Programming, language

Programming languages represent two things: programming, and language.

Programming languages were previously designed very much with the former in mind. For Algol-style, imperative languages, design followed one of a few, mathematically-led approaches:

  • Denotational semantics: encourages a designer to identify a mathematical structure that correctly expresses transformations that programs in the desired language should represent, and design the language such that each operation realises a transformation in this structure.
  • Axiomatic semantics: encourages a designer to design operations that transform program state, and again to design the language so that it represents combinations of those operations.

Other semantics are available: for example if you operationalise the lambda calculus you end up with LISP, and if you operationalise the pi calculus you find occam-π. Indeed, when Backus complained about the imperative programming style in Can programming be liberated from the von Neumann style?: a functional style and its algebra of programs he wasn’t asking us to give up on a mathematical basis for programming languages.

Quite the reverse: he thought the denotational or axiomatic bases were too complex for programmers who weren’t also expert mathematicians to grasp, and that languages designed that way, with their word-at-a-time transformations of memory, led to “flabby” programs that don’t compose well. He called for finding a different mathematical basis for programming, using the composition of functions as a (relatively, much simpler) starting point but incorporating the history sensitivity required to permit stateful operations.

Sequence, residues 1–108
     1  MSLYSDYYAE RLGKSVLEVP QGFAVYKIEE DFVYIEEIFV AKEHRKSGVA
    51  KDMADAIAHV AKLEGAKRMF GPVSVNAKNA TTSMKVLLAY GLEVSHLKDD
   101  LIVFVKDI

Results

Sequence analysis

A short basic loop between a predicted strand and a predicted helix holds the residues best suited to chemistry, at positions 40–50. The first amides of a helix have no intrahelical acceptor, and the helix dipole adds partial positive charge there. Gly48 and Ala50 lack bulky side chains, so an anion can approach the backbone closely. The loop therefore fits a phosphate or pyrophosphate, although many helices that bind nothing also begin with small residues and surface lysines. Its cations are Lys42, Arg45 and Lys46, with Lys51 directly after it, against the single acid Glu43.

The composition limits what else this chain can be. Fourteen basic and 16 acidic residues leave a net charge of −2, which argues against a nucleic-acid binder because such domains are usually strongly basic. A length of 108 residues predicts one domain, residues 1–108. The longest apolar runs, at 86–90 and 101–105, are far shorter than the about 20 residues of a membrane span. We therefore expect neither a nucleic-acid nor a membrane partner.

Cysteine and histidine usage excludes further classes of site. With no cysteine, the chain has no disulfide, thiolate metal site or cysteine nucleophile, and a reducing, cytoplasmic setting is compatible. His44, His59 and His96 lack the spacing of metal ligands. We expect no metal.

So much for programming. On the other hand, programming languages are also languages: constructions for communicating information between people, and between people and computers. Programming languages must be able to carry the information that people want to convey: and if they want to convey it to the computer, that information can’t reside in a comment.

Thus we get approaches to programming language design that ask people what they want to say, and how they want to say it. At one extreme, almost nihilist in its basis, is the Perl-style postmodernist philosophy: it’s not up to the language designer to constrain expression so the language gives you all the tools to say anything, however you want.

More common are varying degrees of participatory process, in which people who use the language collaborate on designing new features for the language. We could identify multiple forms of organisation, of which these are a few examples:

  • Jurocracy: rule of law. People submit requests to a central committee, who then decide what to accept and produce new versions of the language.
  • Tyrrany: rule of the one or the few. Whatever happens within the community, an individual or controlling group direct the language the way they want.
  • Megalofonocracy: rule of the loud voices. People submit requests to a notice board, and whichever ones get noticed, get implemented.

There are other structures within this region.

Both approaches have their merits, and address different needs that should both be reflected in the resultant programming languages. A language with no mathematical basis offers no confirmation that constructs are valid or correct, so may not represent programming. Programming with no agreed-upon vocabulary offers no confirmation that constructs are understood correctly by machine or human audiences, so may not represent language.

Unfortunately it may be the case that we previously went through a fashion for mostly-semantic programming language design, and are currently experiencing a fashion for mostly-linguistic programming language design.

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